Obsessive compulsive disorder (OCD) is one of the most annoying mental issues to live with. There is no cure for OCD and few specialized treatments.
However, the vagueness of this disorder also lends itself to some outside-of-the-box solutions.
It’s better to get diagnosed for OCD early in life than to live most of your time without knowing. If you have a child with OCD, below are some tips to help you help them.
Eye Movement Desensitization & Reprocessing
Eye movement desensitization and reprocessing (EMDR) is a form of therapy that has been gaining traction for its effective way of reprocessing parts of the brain.
This form of therapy can facilitate OCD because it helps rework some of the pathways that lead to the disorder.
You can rework obsessions and compulsions by following this form of physical therapy. It’s not like talk therapy.
EMDR is a physical way to treat the brain. Desensitization is a huge part of treating OCD, and it can also be done in other ways.
Take Them on Trips
When someone has OCD, they need to be pushed to leave their comfort zones. For example, a lot of people with OCD are afraid of germs.
What’s better to tackle that phobia than to take them traveling? Traveling at an early age doesn’t just desensitize people to germs, it builds the immune system.
It also desensitizes them to other obsessions and compulsions. When you are on the road, you can’t always mind the rules about numbers that OCD creates.
It isn’t easy to break these habits—some have described it as an itch you can’t scratch—but if you work on breaking some of these symptoms early it will help in the rest of their life. Travel is one way to shake up anyone’s world.
Prove that the Obsessions Aren’t Real
A common symptom of OCD is that the person believes if they do something in a certain number of numbers, something bad will happen.
This is entirely in the brain, of course. One way to help a child with OCD is to prove that what they are afraid of won’t happen.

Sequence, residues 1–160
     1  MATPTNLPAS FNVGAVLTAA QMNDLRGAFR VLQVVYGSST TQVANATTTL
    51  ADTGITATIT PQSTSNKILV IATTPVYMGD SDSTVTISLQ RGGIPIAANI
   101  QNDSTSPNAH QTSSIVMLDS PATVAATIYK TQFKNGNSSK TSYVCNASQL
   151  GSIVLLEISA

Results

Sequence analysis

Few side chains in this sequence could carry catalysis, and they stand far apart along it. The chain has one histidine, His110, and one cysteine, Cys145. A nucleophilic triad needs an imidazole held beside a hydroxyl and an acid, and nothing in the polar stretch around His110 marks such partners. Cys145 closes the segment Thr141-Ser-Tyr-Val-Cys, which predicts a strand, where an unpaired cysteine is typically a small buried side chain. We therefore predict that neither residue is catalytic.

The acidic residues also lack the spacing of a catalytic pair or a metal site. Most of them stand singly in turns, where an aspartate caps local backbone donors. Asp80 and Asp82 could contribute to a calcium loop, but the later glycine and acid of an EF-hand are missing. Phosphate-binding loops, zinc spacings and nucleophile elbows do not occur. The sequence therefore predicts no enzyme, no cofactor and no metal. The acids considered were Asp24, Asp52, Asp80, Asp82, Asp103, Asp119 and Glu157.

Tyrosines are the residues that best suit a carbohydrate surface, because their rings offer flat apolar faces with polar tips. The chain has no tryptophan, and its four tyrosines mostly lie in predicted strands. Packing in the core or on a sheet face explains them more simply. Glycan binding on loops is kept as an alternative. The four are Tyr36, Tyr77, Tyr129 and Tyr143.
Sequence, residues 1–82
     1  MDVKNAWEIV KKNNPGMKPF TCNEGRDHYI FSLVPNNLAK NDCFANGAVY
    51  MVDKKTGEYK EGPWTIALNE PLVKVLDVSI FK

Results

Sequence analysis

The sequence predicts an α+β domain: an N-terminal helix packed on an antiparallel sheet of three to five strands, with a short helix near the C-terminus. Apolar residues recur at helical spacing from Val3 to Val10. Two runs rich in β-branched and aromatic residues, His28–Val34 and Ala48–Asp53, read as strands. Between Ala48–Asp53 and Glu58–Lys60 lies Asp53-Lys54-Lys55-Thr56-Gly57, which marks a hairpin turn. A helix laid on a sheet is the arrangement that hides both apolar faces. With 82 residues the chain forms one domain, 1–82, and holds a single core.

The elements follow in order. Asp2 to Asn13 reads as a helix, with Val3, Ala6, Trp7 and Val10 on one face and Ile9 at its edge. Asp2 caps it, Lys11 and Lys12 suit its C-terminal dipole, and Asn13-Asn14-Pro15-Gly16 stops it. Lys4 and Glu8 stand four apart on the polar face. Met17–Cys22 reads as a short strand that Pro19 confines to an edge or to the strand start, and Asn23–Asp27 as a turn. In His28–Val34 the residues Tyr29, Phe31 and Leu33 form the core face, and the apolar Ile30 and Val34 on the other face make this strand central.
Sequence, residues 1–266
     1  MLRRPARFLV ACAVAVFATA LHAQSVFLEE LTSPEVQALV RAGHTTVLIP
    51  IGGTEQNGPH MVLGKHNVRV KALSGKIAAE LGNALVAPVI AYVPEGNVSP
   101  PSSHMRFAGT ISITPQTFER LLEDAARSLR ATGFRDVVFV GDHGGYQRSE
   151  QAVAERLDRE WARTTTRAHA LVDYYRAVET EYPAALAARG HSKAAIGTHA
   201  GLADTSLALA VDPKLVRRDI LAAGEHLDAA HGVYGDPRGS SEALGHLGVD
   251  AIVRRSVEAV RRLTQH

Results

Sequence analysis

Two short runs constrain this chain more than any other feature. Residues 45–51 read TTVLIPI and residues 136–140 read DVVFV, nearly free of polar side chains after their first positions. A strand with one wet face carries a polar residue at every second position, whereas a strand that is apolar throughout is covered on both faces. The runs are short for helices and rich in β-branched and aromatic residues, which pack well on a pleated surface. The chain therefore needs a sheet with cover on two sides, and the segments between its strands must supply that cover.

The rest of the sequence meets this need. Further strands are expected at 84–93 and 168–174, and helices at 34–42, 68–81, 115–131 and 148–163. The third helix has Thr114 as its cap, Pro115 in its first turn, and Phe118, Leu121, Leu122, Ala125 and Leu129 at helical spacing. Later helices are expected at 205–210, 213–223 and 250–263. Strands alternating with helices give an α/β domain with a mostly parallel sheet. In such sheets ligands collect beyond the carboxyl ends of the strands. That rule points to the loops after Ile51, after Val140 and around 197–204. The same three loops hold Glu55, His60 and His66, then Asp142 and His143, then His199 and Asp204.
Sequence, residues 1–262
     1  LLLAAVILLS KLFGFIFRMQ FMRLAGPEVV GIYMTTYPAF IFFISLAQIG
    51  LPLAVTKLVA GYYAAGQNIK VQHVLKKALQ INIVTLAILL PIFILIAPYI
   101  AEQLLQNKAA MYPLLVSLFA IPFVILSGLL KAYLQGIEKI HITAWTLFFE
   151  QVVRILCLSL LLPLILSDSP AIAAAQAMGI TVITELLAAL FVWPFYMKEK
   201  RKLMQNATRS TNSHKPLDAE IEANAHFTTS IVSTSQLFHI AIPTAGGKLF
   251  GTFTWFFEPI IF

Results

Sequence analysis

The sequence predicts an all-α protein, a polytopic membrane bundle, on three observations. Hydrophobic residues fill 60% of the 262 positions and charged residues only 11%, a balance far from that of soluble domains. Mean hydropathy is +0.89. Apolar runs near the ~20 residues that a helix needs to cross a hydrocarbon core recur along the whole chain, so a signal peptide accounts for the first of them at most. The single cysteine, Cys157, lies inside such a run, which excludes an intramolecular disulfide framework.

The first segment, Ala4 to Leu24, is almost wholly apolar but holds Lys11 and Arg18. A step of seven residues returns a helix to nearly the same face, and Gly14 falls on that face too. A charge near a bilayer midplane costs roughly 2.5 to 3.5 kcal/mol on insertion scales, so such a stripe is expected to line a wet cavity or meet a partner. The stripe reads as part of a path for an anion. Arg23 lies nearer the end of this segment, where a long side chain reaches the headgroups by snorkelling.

You don’t need to turn on and off the lights three times. You don’t need to tap the door before you open it.
It’s okay to step on the cracks in the ground. OCD is manifested in so many ways, but often there is an obsession with something that won’t occur. Help this child by showing them that it’s all in their mind. This can help people with OCD overcome obsessions.
Encourage Meditation & Mindfulness
Nearly every mental health issue is facilitated by mindfulness practice. Mindfulness refers to the state of bringing your mind back to the current moment.
The most common and famous form of this is meditation.
To meditate, the person sits in a comfortable place. They close their eyes and focus on their breathing.
Some repeat a mantra while others allow their mind to wander slightly before bringing their thoughts back to the present, the moment they are in.
Listening to the quiet world around us helps with ruminative thoughts. It helps with obsessions and compulsive behavior.
Other forms of mindfulness include grounding techniques like counting backwards, taking a hot or cold shower, or holding onto an ice cube.
Grounding techniques shock the nervous system and bring thoughts into the present. Whatever the symptoms of OCD, they can be mitigated by mindfulness.
Motivate them to Exercise
Since OCD is essentially a form of an anxiety disorder, exercise can really help calm the symptoms. Exercise isn’t just good for your body, it’s vital to mental health as well.
If you don’t exercise, you won’t feel your best. The same goes for children, especially those with OCD. A lot of kids and teenagers don’t want to work out but explain to them that they will feel better when they do.
The mind will quiet, and their mood will calm.
OCD is difficult to live with because the cause is unknown, and the treatments are lacking. Luckily, you can mitigate OCD with a combination of treatments.
OCD should be attacked at all angles, and if you help your child get started early, the higher their chances of living a great life despite OCD.